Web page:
Today, I read a story in The Outline, by Laura Yan, who decided to spend 24 hours in her neighborhood Dunkin' Donuts - a Brooklyn neighborhood not far from the neighborhood where I spent my early childhood. It also reminded me of my own Dunkin' Donuts poem - a poem that was once published on the website of a popular NPR show that is no longer with us. A poem I can hardly believe I wrote 18 years ago! So, I am sharing it here again, as well as the link to the Brooklyn story.
|An unfortunate demolition of the driveup menu from 2007.|
Opening Night at the Jamesburg Dunkin Donuts
crushed all day,” says the man behind the counter
who unlike the
other workers, wears a crisp, embroidered, denim shirt,
position as a higher authority, maybe even the franchise owner.
All day long
they’ve been doling out coffee, doughnuts and ice cream
City card dealers — here’s your hand, let me scoop up your money.
By 8 PM, the
stock is depleted, not a chocolate doughnut in sight
but the ice
cream counter can make up for that
even though the
night is unseasonably chilly for June
big dollops of
mint chocolate chip tantalize the lips of customers
some who stay
to revel in the clean newness,
sitting at the
burgundy tables, scraping the floor with the heavy wooden chairs,
chocolate sprinkles, doughnut crumbs in their wake.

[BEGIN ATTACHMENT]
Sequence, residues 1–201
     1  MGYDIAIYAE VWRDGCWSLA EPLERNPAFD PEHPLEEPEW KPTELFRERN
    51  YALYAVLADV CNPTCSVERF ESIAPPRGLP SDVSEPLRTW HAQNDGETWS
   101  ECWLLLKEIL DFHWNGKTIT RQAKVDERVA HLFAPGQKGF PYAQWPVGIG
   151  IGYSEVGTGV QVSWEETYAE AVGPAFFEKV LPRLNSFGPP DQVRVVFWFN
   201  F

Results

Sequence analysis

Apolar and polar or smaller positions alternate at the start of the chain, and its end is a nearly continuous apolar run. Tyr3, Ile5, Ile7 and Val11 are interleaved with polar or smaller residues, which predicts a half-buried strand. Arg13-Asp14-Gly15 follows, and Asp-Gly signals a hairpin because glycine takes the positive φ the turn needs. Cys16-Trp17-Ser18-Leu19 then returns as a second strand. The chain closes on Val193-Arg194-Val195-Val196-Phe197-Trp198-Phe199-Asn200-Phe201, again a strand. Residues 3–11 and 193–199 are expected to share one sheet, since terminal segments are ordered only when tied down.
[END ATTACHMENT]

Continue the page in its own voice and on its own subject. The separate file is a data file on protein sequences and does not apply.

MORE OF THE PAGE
A huge van
equipped for cross-country travel tries to park outside the window
back and forth
it goes trying to fit, while the children inside
unrestrained, press their faces against the window.
are in the space and the door slides open
and out bounds
Dad with three in tow — pale blondes,
one for each
hand, and one to hold his shirt tail.
Inside he picks
up the youngest and stands him on the counter, leaning far over
to see what
doughnuts are left.
the line of coffee drinkers, soda buyers and ice cream lickers,
the other two
children discover the freezer and it’s all too easy to open the door.
wonderland of ice cream cakes, complete with sparkling trims
graduation hats, diplomas and glitter.
perfectly logical to help daddy out and bring him the cake
and they drag
it by the box until the corners give out
and the ice
cream cake with its chocolate top
roses and crunchy bottom
rolls out of
the box and onto the floor,
in front of
amused coffee drinkers who have no idea that the cake is real.
And daddy, who
notices at last, shoves the mutilated frozen treat
back into the
box, and back into the freezer,
departs with his purchases, and his
three little blondes,
two of whom
seem confused that they have no ice cream.
one asks, are those real cakes, or just displays,
and finding out
they are indeed consumable,
tells the tale
of the upside down cake —
immediately removed by the teenage girls
who dish out
the ice cream in their white shirts and hats
and the glitter
is swept up and the melted ice cream mopped up
as the dealers
at the counter don’t miss a beat
coffee, wrapping the donuts, collecting the money,
hoping this crush of business
24 Hours At My Local Dunkin' Donuts
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